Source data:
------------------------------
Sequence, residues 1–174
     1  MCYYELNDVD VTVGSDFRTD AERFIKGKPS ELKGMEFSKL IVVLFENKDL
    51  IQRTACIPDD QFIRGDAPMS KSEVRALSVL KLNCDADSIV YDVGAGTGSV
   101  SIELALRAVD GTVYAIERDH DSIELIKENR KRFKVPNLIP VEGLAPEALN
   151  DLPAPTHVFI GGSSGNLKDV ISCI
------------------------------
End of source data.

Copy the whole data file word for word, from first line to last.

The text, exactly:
Sequence, residues 1–174
     1  MCYYELNDVD VTVGSDFRTD AERFIKGKPS ELKGMEFSKL IVVLFENKDL
    51  IQRTACIPDD QFIRGDAPMS KSEVRALSVL KLNCDADSIV YDVGAGTGSV
   101  SIELALRAVD GTVYAIERDH DSIELIKENR KRFKVPNLIP VEGLAPEALN
   151  DLPAPTHVFI GGSSGNLKDV ISCI